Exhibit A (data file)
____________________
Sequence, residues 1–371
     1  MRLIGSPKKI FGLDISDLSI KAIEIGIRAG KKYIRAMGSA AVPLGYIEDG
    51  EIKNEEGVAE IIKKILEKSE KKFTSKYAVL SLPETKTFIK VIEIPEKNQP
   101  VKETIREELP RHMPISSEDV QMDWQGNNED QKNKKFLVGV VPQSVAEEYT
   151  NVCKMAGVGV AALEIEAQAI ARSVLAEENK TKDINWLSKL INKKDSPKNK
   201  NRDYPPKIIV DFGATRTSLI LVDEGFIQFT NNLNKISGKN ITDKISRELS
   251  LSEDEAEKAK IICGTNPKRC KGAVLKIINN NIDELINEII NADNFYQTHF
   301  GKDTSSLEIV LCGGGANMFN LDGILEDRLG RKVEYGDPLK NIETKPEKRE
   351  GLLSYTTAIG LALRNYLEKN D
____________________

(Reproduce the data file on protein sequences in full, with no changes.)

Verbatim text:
Sequence, residues 1–371
     1  MRLIGSPKKI FGLDISDLSI KAIEIGIRAG KKYIRAMGSA AVPLGYIEDG
    51  EIKNEEGVAE IIKKILEKSE KKFTSKYAVL SLPETKTFIK VIEIPEKNQP
   101  VKETIREELP RHMPISSEDV QMDWQGNNED QKNKKFLVGV VPQSVAEEYT
   151  NVCKMAGVGV AALEIEAQAI ARSVLAEENK TKDINWLSKL INKKDSPKNK
   201  NRDYPPKIIV DFGATRTSLI LVDEGFIQFT NNLNKISGKN ITDKISRELS
   251  LSEDEAEKAK IICGTNPKRC KGAVLKIINN NIDELINEII NADNFYQTHF
   301  GKDTSSLEIV LCGGGANMFN LDGILEDRLG RKVEYGDPLK NIETKPEKRE
   351  GLLSYTTAIG LALRNYLEKN D